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Transgender troops face uncertainty as Pentagon decides their fate

Lt. Cmdr. Valerie Greenaway conducts a Navy training session in December 2016, when an Obama-era policy allowed transgender service members to serve openly. Now, President Trump has ordered a ban on transgender recruits.
Lt. Cmdr. Valerie Greenaway conducts a Navy training session in December 2016, when an Obama-era policy allowed transgender service members to serve openly. Now, President Trump has ordered a ban on transgender recruits.
Erwin Jacob V Miciano / U.S. Navy

The Department of Defense is required to develop a new policy on whether transgender people will be allowed to enlist and serve in the armed forces.

The policy review comes after President Trump directed the military to ban transgender individuals from joining the military. However, the President left it up to Defense Secretary James Mattis to decide whether to discharge those who are currently serving.

President Trump first weighed in on the issue in a July tweet, which caught military leaders and service members off guard. He followed that with more formal guidance in August. White House Press Secretary Sarah Huckabee Sanders said President Trump concluded that allowing transgender people to serve is "costly" and "disruptive."

"And based on consultation that (the President) has had with his national security team, came to the conclusion that it erodes military readiness and unit cohesion," Huckabee Sanders said.

'They would fight to the end with me'

It's not clear how many transgender troops are currently serving. Estimates range from 2,150 to 15,500.

Despite the uncertainty of the situation, some transgender service members say they're receiving support from their fellow troops.

"I've had a lot of people who've already walked up to me and said I'd go to battle with you, and that they would fight to the end for me," said one current service member, who transitioned from a woman to a man while already in the military. He spoke on condition of anonymity, because he didn't get permission from his higher-ups to do an interview.

For most of his life, the service member had lived as a woman. But he struggled with his identity, and his wife suggested he start trying out what it might feel like to be a man.

"We started small, just using pronouns in the house; she would say husband," the service member said. "It felt like this huge weight was lifted from my shoulders and everything in my life just kind of started making sense."

At that point, he wanted to transition. But he had to figure out how to navigate his identity at work.

"Once we decided that this was what we wanted to do, I notified my department head of the branch that I'm in," he recalled. "He basically told me it could be a career ender or we could make it work."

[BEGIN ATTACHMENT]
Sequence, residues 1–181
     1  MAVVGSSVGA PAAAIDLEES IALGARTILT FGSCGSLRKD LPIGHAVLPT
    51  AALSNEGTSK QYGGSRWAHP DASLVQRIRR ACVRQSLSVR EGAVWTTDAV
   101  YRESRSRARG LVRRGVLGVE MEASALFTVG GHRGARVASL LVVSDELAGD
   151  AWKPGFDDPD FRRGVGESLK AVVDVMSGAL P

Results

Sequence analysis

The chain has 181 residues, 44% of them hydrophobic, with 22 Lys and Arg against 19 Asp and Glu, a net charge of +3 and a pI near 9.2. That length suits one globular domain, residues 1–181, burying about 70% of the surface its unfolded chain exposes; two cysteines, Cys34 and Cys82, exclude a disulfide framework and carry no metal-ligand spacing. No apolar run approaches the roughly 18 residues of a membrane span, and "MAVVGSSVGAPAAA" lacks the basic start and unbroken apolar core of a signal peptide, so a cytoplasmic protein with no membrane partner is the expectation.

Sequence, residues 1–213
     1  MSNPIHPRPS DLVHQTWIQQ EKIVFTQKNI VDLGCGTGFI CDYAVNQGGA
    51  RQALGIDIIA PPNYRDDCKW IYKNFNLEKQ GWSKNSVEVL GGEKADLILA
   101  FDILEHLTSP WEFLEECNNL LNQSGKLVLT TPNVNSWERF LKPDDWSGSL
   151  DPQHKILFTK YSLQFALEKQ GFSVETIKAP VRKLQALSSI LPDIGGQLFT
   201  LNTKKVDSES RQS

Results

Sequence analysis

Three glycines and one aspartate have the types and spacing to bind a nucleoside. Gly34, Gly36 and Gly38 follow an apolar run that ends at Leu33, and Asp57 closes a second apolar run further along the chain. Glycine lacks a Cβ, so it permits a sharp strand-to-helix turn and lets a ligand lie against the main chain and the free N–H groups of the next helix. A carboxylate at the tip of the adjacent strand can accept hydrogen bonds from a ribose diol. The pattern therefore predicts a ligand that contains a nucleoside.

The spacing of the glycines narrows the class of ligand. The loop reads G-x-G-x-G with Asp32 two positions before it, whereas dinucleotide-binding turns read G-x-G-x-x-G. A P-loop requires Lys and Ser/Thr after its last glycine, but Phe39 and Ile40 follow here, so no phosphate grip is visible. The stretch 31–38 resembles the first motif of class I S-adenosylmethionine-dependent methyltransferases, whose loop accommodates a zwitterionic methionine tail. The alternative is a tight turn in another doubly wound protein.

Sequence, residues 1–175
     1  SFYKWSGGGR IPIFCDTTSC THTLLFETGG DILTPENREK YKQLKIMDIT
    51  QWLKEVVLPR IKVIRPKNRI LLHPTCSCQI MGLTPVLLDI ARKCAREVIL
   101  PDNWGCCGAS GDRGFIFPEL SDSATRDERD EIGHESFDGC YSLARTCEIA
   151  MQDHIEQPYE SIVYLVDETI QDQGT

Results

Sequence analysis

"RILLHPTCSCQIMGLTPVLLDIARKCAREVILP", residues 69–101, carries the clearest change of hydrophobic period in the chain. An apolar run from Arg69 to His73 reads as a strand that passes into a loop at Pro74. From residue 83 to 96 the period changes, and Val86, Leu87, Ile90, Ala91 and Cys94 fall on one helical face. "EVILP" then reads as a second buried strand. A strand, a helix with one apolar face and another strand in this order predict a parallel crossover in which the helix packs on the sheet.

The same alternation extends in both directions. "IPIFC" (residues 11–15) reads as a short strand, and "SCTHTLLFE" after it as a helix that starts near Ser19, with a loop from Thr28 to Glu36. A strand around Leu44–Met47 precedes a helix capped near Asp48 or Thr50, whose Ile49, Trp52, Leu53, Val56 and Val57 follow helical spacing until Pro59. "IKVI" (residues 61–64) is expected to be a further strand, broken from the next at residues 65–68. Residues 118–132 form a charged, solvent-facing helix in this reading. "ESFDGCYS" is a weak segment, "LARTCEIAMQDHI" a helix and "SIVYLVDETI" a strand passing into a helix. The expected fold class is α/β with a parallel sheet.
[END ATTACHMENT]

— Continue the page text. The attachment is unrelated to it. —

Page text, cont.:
He got an official diagnosis and started taking testosterone. His body changed. Because his job had strict health requirements, he had to tell his peers before he felt he was ready.

"I felt like all of a sudden there was a spotlight on me everywhere I went," he said. "When I came out as transgender, it seemed like everyone was just waiting for me to mess up and give them a reason I shouldn't be serving."

His solution: double down and work harder. He moved to a new duty station. And though it took his new leaders a while, they now use male pronouns and see him as full member of their team.

"I didn't demand anything from my unit, I didn't demand acceptance," he said. "I just showed up and did my job, and I think they really respected that I put the mission first before myself."

Advocates seek to derail policy with lawsuits

Advocate Sasha Buchert says she's heard from a lot of trans service members since President Trump's initial tweet, and many say they're hearing support from the troops with which they serve.

Buchert is a lawyer for Lamda Legal, an LGBTQ advocacy group that's suing the government over the transgender ban. It's one of four lawsuits challenging the policy. Buchert is a trans woman and a Marine vet, so this suit is personal for her.

"There were a lot of moments where I was very worried that I would be discovered and purged and drummed out of the military," Buchert recalled.

"Unfortunately, the President wants to return us to that era where people had to hide who they are and live in fear, but we're not going to let him do it."

The Justice Department recently asked a federal court to dismiss one of the four suits, arguing that "that challenge is premature several times over."

The service member we spoke to wants to have a long military career. He says that if transgender people get kicked out of the armed forces, it'll be tough. But he's confident he'll find a job somewhere else. And he's not too worried yet.

"It takes a lot more than a tweet to make a change," he said of President Trump's initial statement.

"They took so long and so much money and so much research to say yes, transgender people are qualified to serve in the military, that for him to tweet that we weren't, honestly didn't phase me," he said.

Until the policy changes, he plans to keep doing his job.

This story was produced by the American Homefront Project, a public media collaboration that reports on American military life and veterans. Funding comes from the Corporation for Public Broadcasting and the Bob Woodruff Foundation.